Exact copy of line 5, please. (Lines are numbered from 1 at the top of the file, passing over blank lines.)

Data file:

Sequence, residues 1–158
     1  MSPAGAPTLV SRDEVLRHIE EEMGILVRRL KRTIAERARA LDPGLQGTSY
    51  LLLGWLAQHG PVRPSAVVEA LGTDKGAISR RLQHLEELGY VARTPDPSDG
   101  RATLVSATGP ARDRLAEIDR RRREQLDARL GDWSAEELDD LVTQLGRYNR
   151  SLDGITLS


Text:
   151  SLDGITLS